We often hear from our clients that staffers often struggle with their writing because they don't know the "basics." But the reality is that it's probably not the basics they don't understand; rather, it's that the organization hasn't standardized its writing process or provided staff with a clear roadmap in terms of the organization expects from its documents and how its writers are supposed to acheive those standards.
In fact, individual subject matter experts and departmental team members may have different levels of understanding about writing concepts. As a result, the writing and reviewing processes can be highly subjective. Questions that you answer for one staffer may be contradicted by another team member, or reviewer, and the cycle repeats, which wastes everyone’s time and increases frustrations.
The best way to stop this is to standardize expectations among your team and across departments. Two simple steps will help you accomplish this:
- Provide standardized writing training
- Create a style guide
The value of writing training Cohesive training gives all stakeholders writing skills that aren’t based on subjective values, but on objective readability studies and proven approaches.
Training is most effective when it includes professionals from all levels of your company. That way, everyone who touches your company’s documents will have the same high-level information about how to structure and write documents, from planning through revision.
If you can’t provide training for everyone simultaneously, start with the front-line writers and reviewers. Doing so will give those experts the confidence and rationale to produce and defend strong documents. They’ll know what makes an effective sentence instead of basing their judgment on personal preference. And they’ll understand how to analyze and write for a target audience.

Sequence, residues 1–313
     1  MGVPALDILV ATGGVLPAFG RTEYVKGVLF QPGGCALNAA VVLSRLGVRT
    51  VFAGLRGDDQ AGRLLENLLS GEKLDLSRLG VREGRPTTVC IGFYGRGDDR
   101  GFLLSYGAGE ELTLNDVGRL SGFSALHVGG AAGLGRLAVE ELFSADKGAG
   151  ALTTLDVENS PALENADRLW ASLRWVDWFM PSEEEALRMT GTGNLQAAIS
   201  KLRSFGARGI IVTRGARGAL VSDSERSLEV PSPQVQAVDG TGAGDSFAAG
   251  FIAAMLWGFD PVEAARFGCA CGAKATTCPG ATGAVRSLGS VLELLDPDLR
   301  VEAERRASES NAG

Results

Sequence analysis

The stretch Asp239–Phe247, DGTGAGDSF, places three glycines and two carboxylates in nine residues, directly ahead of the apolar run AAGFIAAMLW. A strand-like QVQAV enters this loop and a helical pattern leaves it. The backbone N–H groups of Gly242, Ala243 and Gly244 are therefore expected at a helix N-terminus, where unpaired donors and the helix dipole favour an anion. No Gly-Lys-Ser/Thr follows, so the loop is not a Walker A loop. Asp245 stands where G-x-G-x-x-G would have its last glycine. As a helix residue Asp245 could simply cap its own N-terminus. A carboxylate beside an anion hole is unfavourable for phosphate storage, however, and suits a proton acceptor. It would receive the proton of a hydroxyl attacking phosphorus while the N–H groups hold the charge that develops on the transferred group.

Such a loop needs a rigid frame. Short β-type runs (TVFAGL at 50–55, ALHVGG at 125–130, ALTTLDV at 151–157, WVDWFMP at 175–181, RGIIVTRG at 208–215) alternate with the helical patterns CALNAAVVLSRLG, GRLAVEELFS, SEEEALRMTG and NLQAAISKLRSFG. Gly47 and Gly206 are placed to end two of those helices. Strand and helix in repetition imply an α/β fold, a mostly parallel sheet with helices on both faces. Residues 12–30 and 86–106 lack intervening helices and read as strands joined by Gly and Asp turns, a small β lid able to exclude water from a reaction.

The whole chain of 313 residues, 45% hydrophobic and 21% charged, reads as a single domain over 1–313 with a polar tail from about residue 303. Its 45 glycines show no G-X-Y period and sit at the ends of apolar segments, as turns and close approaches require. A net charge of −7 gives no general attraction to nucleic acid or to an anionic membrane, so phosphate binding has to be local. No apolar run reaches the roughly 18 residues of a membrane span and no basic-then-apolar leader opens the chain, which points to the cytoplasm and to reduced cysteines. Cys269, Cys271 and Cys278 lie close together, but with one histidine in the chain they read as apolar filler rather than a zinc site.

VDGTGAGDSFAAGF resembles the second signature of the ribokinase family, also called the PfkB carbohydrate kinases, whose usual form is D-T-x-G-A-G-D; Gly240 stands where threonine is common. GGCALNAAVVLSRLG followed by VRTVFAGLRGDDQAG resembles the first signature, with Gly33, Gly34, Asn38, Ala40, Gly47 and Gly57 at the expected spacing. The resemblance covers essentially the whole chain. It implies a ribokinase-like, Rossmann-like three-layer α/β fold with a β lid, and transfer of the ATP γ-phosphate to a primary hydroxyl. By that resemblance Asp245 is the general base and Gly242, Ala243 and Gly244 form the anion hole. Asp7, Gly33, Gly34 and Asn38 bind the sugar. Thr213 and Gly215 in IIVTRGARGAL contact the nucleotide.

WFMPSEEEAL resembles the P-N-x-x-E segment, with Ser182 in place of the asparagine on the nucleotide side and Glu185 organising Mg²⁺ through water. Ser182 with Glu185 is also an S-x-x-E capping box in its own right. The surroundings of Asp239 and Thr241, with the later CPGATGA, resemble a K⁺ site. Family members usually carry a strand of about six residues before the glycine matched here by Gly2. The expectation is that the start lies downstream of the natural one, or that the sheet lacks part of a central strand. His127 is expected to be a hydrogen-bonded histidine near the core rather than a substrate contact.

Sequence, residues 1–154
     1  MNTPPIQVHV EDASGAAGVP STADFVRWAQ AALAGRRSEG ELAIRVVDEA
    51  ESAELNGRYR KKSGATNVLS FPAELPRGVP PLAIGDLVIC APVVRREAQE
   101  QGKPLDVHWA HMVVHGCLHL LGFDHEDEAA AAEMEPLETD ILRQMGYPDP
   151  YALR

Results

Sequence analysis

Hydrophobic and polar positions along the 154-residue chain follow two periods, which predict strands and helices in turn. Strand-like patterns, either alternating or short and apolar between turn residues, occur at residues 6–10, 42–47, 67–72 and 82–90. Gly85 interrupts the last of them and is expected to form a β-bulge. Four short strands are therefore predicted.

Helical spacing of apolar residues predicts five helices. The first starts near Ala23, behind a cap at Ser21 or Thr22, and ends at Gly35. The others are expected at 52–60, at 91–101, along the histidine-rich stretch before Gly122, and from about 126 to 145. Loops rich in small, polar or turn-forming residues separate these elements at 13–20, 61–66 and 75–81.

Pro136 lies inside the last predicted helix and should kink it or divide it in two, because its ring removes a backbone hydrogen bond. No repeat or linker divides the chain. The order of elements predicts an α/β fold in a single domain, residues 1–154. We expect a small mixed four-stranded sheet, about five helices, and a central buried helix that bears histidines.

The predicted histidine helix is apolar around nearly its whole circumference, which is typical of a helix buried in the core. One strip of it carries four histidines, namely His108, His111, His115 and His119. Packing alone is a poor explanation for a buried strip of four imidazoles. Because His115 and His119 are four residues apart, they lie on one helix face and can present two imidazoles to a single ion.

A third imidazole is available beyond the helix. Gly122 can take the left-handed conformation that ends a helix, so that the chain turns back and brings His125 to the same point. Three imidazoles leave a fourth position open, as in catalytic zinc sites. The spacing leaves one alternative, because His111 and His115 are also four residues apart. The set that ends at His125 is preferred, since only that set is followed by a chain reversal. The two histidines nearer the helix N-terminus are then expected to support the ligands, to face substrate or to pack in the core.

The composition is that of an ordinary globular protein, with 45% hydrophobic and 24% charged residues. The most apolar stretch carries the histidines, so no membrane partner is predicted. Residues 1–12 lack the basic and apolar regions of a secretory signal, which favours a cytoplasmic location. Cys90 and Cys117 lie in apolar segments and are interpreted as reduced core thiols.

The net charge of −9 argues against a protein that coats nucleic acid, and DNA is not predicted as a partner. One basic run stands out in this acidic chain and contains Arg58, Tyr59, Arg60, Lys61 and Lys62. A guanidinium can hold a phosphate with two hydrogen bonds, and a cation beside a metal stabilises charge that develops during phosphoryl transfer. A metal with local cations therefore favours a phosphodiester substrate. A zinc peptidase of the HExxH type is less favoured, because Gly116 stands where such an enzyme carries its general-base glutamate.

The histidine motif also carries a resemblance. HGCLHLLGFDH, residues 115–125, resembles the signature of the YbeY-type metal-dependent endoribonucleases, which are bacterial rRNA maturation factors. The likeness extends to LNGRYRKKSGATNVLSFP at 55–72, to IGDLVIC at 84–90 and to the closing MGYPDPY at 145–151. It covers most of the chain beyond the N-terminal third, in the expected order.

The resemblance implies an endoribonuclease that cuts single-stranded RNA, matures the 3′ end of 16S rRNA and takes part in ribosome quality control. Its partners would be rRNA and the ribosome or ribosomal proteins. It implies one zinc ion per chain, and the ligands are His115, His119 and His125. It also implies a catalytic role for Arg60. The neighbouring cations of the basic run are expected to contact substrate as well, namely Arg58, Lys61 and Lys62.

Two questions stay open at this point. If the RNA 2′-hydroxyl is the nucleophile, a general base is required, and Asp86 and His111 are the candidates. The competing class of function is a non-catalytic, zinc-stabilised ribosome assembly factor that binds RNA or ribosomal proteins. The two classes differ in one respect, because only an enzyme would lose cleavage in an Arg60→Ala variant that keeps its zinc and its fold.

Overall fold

Develop a style guide
After training your team, create a style guide that includes the skills they’ve learned as well as any company-specific writing tips. You can buy general guides off the shelf; the Chicago Manual of Style is a popular choice for technical and scientific writing. Or you can have a guide developed specifically for your organization. Just be sure that the contents are based on sound, solid research.
The sooner you have a standardized process, the sooner you’ll see improvements in your documents and the sooner you’ll reduce the time you spend fixing writing problems, answering repetitive questions, and addressing contradictions.
Remember, the documents that you produce are the face of your organization. Standardized training and a reliable style guide will help you present its best side.